Take in unique flying experiences as told by our authors. Unforgettable Flights will take you inside the cockpits of fighter jets, on board legendary aircraft, and to spectacular locations around the globe.
The Yak 50 is a single-engine, single-seat, low-wing, semi-retractable, conventional-gear aerobatic aircraft designed in 1973 by the Yakovlev Design Bureau in Russia. It’s an honest, friendly airplane—if somewhat extraordinary because of its country of origin.
As a twenty something, I figured that the only chance I would ever have of getting into an F-4 Phantom cockpit would involve a successful run for Congress, followed by finagling a seat on the Armed Services Committee.
As a dating couple, Brian and I often had to be very creative about finding time to spend together since I’m an airline first officer and Brian is the operations coordinator for Team Oracle. In July 2007, we were happily anticipating a week off that we were going to spend with our dear friends (and fellow Cub enthusiasts) J.R. and Paige Bisset.
Here’s what it’s like to fly the world’s most sophisticated fighter – sort of.
I’m cruising at 40,000 feet above Nevada in America’s front-line fighter. Perched out on the pointy end, I can’t see what’s following behind, but I know it’s roughly 63 feet long and weighs as much as 64,000 pounds.
I’m 77 and hold a commercial pilot license and an instrument rating. I’ve filled four logbooks. As a child, I made balsa-wood and tissue-paper airplanes. As a teen, I made gas U-Control model airplanes, and I used to ride my bike to the airport regularly. During the Korean War, I served in the Air Force. All in all, I guess that I’m an aviation enthusiast.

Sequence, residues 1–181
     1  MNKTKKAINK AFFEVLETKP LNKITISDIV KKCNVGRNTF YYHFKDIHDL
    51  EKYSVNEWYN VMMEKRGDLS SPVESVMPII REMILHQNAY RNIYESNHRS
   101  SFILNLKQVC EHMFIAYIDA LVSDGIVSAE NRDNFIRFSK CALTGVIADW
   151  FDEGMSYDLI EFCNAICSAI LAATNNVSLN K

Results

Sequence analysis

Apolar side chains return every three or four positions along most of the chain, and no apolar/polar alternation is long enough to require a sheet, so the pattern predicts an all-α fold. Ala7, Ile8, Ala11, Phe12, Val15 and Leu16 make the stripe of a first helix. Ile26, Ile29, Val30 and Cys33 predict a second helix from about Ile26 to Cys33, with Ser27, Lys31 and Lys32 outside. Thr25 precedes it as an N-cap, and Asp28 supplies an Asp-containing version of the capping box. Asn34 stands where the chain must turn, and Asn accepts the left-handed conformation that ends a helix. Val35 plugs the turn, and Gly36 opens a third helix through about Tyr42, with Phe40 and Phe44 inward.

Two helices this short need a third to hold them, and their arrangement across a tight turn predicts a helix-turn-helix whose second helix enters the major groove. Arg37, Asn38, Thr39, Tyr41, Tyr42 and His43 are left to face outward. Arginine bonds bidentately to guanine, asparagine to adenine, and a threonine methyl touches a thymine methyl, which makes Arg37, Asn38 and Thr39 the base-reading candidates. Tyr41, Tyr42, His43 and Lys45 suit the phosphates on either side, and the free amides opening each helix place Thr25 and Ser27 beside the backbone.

Skylane 250CW, cleared to land, runway two seven.” Those words marked the start of my anniversary weekend in historic Savannah, Ga. The VFR flight to Savannah from Lawrenceville, Ga., on the morning of August 1, 2008, was smooth and uneventful, as was my first-time arrival into Savannah International Airport. Plane parked and rental car obtained, my wife and I headed off to the resort.
My first use of advanced avionics in the backcountry
finfIt was one of those cool fall mornings with low, scudding clouds. The kind where you keep blowing on cold, damp hands while loading the airplane and glancing occasionally at the leaden skies, the north country’s harbinger of imminent seasonal change.